I graduated from high school standing under six feet tall, yet weighing over 250 pounds. This state of being was not appropriate for feeling good either physically or mentally and so I decided to address this problem directly by working out. Specifically, I embarked upon a running program. In this way I not only attacked the physical cause of feeling bad on a daily basis, but discovered the power of discipline.
Working out with a goal toward losing a substantial amount of weight begins with the acceptance of the harsh realities of mathematics as applied to the simple formula of calories burned off subtracted from caloric intake. Eventually, however, the physical and concrete dimensions of exercise give way to something less precise yet fulfilling. Running every day toward a very specific goal instilled in me a discipline that continues to allow me to meet challenges that at first seem overwhelming.
My parents urged me to study for my degree in England like my brother had done. My brother had a very successful academic career in England and the quality of his education is commensurate with the long history of that country and the excellent schools that have been situated there for centuries. Something inside me resisted the call to follow my brother, however. I understood intuitively that neither England nor America has an educational system that would create a sense of shame for anyone who has successfully graduated from them, so it was not as if I felt that England would offer me something substantially different or better. The reason I chose to further my academic career in America, and specifically at Emory University, has more to do with a sense of pride.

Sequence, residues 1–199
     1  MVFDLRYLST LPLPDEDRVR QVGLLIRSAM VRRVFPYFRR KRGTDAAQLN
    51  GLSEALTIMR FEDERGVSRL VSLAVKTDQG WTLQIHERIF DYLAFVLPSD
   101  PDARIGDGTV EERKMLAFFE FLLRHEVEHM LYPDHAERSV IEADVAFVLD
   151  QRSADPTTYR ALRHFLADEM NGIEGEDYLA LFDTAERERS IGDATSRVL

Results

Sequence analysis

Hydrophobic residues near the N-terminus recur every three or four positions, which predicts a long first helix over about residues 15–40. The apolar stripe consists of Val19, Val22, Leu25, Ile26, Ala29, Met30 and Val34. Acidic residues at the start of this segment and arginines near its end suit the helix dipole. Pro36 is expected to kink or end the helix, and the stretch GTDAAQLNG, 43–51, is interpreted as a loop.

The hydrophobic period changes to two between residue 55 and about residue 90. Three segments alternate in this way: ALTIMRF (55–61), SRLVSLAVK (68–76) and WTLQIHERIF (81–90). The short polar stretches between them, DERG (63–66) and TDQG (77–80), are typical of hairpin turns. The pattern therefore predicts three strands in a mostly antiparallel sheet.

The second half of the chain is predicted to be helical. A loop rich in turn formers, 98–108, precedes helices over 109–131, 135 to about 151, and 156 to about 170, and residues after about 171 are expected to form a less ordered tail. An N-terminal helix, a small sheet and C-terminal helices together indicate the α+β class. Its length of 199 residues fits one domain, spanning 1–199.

Emory University clearly has a reputation that is renowned around the world. My desire to prove myself here is based in large part upon pride. In fact, there are two senses of pride at stake. I want to prove that American schools do provide just as impressive an education as those in England that my brother attended. I also want to prove that I can be just as successful here as my brother was in England. I am very proud of what I have accomplished here in America and I am very proud of America as an ideal. To get my education here has a special meaning to me that transcends traditional concepts of native homeland and national pride. My desire to do well at one of the most prestigious schools in America carries with it a strain of dualistic price that my graduation will forge into something that is more singular and concrete. A degree earned here carries the immediacy of instantly recognizable professional knowledge that is respected around the world.